It is hot, dry and somewhat out of the way, but it is the most popular park in northern Kenya. Those discouraging features just might be the secret to its attraction. In a rugged area known for its desert-like climate, the animals of the park are sure to frequent its main source of water – the Ewaso Ng’iro River.
And as a visitor, you are certain to witness this abundant display of wildlife, regularly sustaining itself at the river. This reserve has its share of the big cats – lion, leopard and cheetah. And you’ll find many of the larger grazers here like impala, buffalo and hippo.
Elephants? Samburu boasts over 900 of these peaceful creatures… the herds gathering at the life sustaining river. Meanwhile beneath the river’s muddy brown waters, a significant population of Nile crocodile can be spotted, waiting for their prey.
Samburu is also known for some rather unique wildlife not usually seen elsewhere. A visit to the reserve will bring you in sight of such memorable species as Grevy’s Zebra, the reticulated giraffe and the Beisa onyx. And this is one of the few parks where you have a good chance of spotting African wild dogs.
For bird lovers the reserve presents a constant display of exciting avian life – over 450 species. On game drives over the savannah, through acacia forest and riverine vegetation there will be numerous opportunities to view kingfishers, marabous, vultures, guinea fowl, Somali ostrich, egret, falcon and eagle.
But despite the active wildlife here, the reserve gives off a sense of tranquility and a peaceful feeling. Some attribute this to the fact that Samburu is relatively remote and initially was inaccessible as other parks developed.
It is also a land of magical possibilities – this was one of two regions in which Joy Adamson raised and nurtured Elsa the lioness, whose story was told in the book and movie, “Born Free”. Samburu was also home to another renowned lioness, Kamunyak (“Blessed One”) who is famous for having adopted at least 6 oryx calves. She fought off predators to save her young orphans as seen in the film, “Heart of a Lioness”.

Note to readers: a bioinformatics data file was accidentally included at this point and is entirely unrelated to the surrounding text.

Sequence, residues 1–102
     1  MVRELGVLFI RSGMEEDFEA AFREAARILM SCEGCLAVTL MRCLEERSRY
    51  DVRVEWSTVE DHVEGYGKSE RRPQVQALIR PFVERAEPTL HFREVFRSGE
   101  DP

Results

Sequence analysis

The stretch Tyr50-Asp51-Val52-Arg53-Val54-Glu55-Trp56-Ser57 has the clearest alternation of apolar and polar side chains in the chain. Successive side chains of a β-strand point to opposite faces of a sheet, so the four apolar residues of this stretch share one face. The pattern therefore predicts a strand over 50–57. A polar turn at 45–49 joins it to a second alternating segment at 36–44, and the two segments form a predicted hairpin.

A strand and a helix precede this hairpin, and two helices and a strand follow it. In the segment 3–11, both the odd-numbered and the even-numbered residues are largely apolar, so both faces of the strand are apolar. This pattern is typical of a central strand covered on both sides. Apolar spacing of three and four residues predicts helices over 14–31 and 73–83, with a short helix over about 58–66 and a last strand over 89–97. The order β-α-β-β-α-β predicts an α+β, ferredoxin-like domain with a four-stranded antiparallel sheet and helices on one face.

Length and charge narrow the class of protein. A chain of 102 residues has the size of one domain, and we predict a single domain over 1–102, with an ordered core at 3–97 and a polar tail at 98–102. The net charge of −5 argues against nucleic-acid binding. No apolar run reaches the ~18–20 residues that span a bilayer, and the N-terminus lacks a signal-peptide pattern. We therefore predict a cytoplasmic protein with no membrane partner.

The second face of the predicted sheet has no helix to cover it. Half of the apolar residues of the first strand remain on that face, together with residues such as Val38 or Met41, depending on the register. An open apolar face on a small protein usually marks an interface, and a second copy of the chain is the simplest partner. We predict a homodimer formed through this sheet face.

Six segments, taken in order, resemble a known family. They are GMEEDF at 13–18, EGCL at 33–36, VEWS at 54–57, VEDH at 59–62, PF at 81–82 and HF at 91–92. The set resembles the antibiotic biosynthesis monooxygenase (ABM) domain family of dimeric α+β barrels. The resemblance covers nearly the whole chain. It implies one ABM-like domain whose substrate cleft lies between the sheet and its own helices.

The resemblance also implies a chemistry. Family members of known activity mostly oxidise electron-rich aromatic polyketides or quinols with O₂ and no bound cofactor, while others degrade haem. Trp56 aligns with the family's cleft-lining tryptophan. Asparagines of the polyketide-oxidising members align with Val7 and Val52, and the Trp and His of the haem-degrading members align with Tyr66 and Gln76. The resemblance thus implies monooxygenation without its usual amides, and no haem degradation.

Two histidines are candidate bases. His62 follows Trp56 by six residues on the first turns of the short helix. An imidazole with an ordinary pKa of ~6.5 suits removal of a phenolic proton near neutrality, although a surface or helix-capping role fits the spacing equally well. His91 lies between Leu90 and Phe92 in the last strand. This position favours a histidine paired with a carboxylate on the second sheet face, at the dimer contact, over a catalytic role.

Named for the indigenous Samburu people, whose villages border the reserve, Samburu is out of the way yet presents visitors with so much to see and do.
The unfenced grasslands of Samburu are 165 sq. km (63 sq. mi) in size.
From the main entrance of Archer’s Gate, the reserve is 345 km (214 mi) from Nairobi, about a 5 hours’ drive. Samburu is located in the Rift Valley Province. The Ewaso Ng’iro River borders the park to the south, separating it from the Buffalo Springs National Reserve.
Arid, dry and desert-like are terms to describe the climate here. Average temperatures are around 30oC (85oF). The rainy season runs from March through May with a shorter wet season in November and December.
The park is open year-round and always accessible.
December through March and July through October are the driest months and the best for visiting, but Samburu is also enjoyable in the wetter seasons.
By road – you can book a tour with SafariBook Evolution from Nairobi.
By air – There are daily flights from Nairobi to the Oryx Samburu airstrip.
Game viewing & bird watching – The geography and climate of Samburu guarantees lots of wildlife viewing, especially during the dry season. It’s a bird lover’s paradise.
River rafting – Take an easy river safari in an inflatable raft on the Ewaso Ng’iro.
Visit the Samburu People – The Samburu are a nomadic, herding people similar and related to the Maasai. They also dress in the same manner with blankets and beads. Visit a local Samburu village, meet the people, learn about their lifestyle and perhaps purchase some souvenirs of your experience.
Buffalo Springs Reserve – Just south of Samburu Reserve on the opposite side of the Ewaso Ng’iro river lies Buffalo Springs, named for an oasis here. Similar wildlife can be found near an ancient lava terrace called the Champagne Ride.
Shaba National Reserve – To the east of Samburu and Buffalo Springs is Shaba Reserve. Greener than Samburu, the reserve is an area of dramatic forests, woodlands and volcanic formations, especially the Shaba Hill Volcano